Laura Marling and Friends, Royal Festival Hall, London

There's a west London alt-folk musical community that you get a glimpse of when attending Laura Marling's gigs. Tonight, Marling, who is, with her Mercury nomination last year (at the tender age of 18), the biggest star among them, has brought her friends together for a one-off show.

After a short video introducing the bashful young musicians, Marling alternates her own songs with her friends'. Not only is it a rare opportunity to hear her debut, Alas I Cannot Swim, but it is also the first chance to hear her new songs. Opener "Mama How Far I've Come" and "Devil Spoke", with its stomping beat and engaging dynamics, are examples of the rootsier and more gutsy approach Marling is taking in her follow-up album. But it's the early songs that send the crowd into ripples of applause on the opening chords, especially "Ghosts" and "My Manic and I". "Night Terror", coming later in the set, is stunning, building up to a haunting climax with Andrew Bird on violin, drums from Marcus Mumford, and cello and double bass providing rich layer of sound.

It's also an opportunity to sample some lesser-known acoustic singer-songwriters, most of whose songs move along pleasingly if not quite boasting the necessary depth and soul to linger on in the mind. Still, all fit alongside each other tastefully, although Peggy Sue's angular accordion and vocal harmony-driven "The Sea The Sea" jars with the rest of the orchestral and softly sung folk-infused songs.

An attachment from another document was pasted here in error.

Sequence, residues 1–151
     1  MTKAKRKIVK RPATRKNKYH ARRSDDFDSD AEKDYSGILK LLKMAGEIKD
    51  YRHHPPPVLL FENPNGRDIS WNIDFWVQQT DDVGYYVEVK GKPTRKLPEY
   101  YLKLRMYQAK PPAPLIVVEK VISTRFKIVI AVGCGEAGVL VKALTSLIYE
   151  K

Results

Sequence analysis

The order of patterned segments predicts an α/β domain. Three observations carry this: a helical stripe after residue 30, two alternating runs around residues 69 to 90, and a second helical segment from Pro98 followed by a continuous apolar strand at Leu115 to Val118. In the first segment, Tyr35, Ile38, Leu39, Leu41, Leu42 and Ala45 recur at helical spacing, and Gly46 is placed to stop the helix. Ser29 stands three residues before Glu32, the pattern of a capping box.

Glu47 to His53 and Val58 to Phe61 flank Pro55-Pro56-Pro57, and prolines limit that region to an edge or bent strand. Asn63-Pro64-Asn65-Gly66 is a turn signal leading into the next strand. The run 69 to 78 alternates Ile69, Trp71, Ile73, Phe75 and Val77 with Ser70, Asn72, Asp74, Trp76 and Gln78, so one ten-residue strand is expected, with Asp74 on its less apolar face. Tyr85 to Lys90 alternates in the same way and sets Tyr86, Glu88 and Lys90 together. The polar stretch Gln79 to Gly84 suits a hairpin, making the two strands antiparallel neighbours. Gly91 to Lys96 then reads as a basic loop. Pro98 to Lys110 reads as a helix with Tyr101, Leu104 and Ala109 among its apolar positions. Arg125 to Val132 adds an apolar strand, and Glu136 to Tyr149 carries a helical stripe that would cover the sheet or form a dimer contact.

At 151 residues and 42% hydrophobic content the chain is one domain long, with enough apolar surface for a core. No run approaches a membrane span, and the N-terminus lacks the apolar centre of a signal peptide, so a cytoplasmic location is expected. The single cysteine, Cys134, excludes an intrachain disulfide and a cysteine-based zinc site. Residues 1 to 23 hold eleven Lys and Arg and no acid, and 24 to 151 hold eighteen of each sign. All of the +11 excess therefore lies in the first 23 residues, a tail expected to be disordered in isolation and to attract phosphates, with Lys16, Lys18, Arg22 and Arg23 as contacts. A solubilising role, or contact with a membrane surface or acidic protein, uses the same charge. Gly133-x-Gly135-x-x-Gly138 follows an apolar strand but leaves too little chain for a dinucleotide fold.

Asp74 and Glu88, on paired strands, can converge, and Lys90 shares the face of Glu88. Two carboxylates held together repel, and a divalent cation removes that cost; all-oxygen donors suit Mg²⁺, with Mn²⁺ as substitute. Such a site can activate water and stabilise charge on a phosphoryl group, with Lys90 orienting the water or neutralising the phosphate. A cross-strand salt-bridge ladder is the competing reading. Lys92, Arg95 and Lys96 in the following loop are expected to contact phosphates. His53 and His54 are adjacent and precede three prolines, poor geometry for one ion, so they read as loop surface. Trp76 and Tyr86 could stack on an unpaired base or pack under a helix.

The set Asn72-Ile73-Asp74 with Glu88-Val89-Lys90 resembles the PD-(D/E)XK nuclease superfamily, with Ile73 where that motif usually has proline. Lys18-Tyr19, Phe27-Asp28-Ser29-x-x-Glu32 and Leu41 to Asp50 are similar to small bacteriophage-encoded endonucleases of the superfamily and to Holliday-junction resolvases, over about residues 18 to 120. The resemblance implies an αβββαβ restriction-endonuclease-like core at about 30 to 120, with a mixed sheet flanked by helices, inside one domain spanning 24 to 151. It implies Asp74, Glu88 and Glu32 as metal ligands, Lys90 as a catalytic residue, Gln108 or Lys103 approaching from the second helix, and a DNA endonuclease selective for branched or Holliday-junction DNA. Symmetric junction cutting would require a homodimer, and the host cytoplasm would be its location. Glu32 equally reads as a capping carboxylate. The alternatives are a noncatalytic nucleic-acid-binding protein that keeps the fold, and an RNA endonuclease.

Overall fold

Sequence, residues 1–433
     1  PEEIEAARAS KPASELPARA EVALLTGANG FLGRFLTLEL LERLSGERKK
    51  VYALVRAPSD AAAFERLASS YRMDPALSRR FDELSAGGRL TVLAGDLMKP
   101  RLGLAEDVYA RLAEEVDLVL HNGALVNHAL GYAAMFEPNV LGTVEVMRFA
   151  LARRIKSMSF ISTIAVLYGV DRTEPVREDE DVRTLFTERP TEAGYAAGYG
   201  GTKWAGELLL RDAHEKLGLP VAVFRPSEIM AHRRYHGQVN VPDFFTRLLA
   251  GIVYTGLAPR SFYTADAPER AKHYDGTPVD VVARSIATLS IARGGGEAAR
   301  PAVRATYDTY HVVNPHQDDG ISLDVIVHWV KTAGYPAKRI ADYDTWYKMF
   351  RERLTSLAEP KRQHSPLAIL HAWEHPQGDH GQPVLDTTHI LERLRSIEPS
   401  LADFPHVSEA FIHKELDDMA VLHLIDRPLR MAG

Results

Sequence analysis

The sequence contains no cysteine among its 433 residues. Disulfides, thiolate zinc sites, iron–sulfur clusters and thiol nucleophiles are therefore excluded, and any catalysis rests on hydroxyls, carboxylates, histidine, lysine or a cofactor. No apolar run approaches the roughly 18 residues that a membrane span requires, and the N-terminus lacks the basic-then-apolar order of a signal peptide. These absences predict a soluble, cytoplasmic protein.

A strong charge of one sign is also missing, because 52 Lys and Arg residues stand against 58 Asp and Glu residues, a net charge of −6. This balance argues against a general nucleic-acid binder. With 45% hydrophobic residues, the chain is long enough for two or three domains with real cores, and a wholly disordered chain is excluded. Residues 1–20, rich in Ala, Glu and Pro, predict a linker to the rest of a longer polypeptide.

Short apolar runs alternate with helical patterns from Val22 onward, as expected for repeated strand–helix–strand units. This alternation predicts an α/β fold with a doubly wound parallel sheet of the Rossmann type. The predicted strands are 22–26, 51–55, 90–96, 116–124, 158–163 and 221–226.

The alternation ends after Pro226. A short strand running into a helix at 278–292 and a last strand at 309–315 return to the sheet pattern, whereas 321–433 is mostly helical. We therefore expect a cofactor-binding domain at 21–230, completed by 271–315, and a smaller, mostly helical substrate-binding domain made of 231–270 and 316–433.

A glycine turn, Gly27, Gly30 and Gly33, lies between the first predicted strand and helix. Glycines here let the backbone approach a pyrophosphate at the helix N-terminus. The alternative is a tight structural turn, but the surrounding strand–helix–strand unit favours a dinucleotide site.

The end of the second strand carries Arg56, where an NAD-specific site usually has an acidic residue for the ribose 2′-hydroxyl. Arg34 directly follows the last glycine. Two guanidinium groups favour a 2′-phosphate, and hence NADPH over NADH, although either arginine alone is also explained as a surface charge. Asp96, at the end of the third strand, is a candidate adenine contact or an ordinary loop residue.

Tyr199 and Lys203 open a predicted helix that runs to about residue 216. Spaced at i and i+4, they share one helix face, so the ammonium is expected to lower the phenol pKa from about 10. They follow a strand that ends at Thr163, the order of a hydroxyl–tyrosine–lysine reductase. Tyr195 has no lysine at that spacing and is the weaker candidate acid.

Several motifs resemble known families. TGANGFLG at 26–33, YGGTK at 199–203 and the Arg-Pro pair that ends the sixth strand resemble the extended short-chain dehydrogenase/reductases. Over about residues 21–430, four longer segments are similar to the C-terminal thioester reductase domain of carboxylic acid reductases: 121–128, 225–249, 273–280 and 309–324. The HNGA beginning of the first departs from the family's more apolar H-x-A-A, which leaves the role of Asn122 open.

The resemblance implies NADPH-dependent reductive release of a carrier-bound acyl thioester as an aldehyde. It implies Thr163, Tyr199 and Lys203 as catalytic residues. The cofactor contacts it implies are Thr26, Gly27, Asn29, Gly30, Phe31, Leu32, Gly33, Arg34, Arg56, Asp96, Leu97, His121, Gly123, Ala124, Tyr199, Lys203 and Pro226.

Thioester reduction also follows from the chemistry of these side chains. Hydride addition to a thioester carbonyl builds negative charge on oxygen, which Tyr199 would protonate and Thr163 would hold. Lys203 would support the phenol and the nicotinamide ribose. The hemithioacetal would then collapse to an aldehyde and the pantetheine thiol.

Pete Roe's "Devil's Dancefloor", though early on, does well to ensure the evening avoids twee territory. Another shining star is Alessi, whose breathy vocals are a pleasing hybrid of folk singer Kathryn Williams and Björk. Her gorgeous offering "Hummingbird" compells, recalling the dreamy pop-folk whimsicality and fairy-tale world of Bat for Lashes.

Bird is another of those highlights. Older than the majority of the acoustic singer-songwriters playing tonight, and a star in his own right, his "Head Soak" is more complex by comparison, and sees him deftly move from bluesy vocals to violin (which he plucks, too), and some impressive whistling.

If there's a gripe, it's that despite the swift turnover of musicians, things are delayed by indulgent explanations. But it's so intimate and relaxed that nobody's in a hurry. An enjoyable evening.